The Liberal Government has stated they intend to move towards legalization of marijuana. What does this mean and what issues need to be considered? In 2015 the Canadian Centre for Substance Abuse (CCSA), along with partners from the public health, substance use treatment and the law enforcement communities, took two fact-finding trips to Washington and Colorado to talk to stakeholders about the experience of legalizing marijuana in those two states. The CCSA is Canada’s only national agency dedicated to reducing the harms of alcohol and other drugs on society, informing policy and practice, and improving services for those affected by substance use disorders. Two weeks ago the CCSA released a report on their findings. In their report the CCSA identified a number of recommendations based on the Colorado/Washington experience.
Marijuana, or cannabis, is the most widely used illicit drug in the world. Although the usage rates have been dropping over the past 15 years, Canada still has some of the highest rates of marijuana use, particularly amongst adolescents and young adults. The CCSA report recommended that movement towards legalization identify a clear purpose to drive the overall approach. The principle rationales that are usually raised for legalizing marijuana are that it would help to reduce the role of organized crime, it would reduce the significant negative impact of criminal charges for recreational users, and it would improve product safety and generate tax revenue. Furthermore, by shifting the understanding of marijuana use from it being a criminal problem to it being a public health issue, it allows for more effective prevention and education activities, as well as greater regulatory control over access and marketing.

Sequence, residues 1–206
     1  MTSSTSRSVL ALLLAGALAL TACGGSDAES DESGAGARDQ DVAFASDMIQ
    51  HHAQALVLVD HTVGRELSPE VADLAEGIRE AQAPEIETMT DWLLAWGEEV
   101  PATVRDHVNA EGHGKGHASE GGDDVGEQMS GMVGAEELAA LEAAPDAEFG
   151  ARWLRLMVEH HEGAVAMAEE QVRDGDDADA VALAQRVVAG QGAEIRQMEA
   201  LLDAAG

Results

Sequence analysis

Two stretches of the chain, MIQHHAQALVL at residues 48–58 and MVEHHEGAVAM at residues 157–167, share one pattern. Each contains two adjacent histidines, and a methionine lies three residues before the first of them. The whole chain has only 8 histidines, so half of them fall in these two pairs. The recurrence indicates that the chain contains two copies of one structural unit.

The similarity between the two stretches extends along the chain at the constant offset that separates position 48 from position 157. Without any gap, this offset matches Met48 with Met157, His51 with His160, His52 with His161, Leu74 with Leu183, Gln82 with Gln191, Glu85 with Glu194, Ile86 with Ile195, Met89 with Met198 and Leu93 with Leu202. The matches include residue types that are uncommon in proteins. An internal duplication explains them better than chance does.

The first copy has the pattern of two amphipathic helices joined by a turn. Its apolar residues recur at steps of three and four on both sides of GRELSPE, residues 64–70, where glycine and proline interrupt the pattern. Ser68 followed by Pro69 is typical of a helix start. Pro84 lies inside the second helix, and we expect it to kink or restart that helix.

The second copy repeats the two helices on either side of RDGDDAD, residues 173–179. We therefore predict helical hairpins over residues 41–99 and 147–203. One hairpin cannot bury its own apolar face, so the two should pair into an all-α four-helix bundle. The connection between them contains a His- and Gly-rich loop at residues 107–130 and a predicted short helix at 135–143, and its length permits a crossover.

By talking to their counterparts in Washington and Colorado the CCSA delegation learned that the regulatory framework must include a number of factors. First, it must reconcile the medical marijuana markets and the retail marketing. It must also ensure the control product concentrations and product formats. This is necessary to ensure consistency in the types of marijuana products sold and the concentrations of active ingredients of the products.
Another factor is the prevention of commercialization, which can be achieved through taxation, rigorous federal regulation and monitoring, and strict control on advertising and promotion. Lastly, is the prevention of use by youth. This can be achieved by controlling access, having mandatory age limits on use and by investing in effective health promotion, prevention and education campaigns for both youth and parents.
Two concerns that were identified consistently were the need to educate youth about the potential negative consequences of marijuana use, and the risks associated with marijuana use and driving. Over the coming months East Kootenay Addiction Services Society (EKASS) will be contributing articles to local papers to provide information on these points. We at EKASS believe that robust public dialogue on the legalization of marijuana informed by accurate information will be important as the government moves towards making these changes.
For more information or to submit questions or comments please contact Dean Nicholson at email@example.com.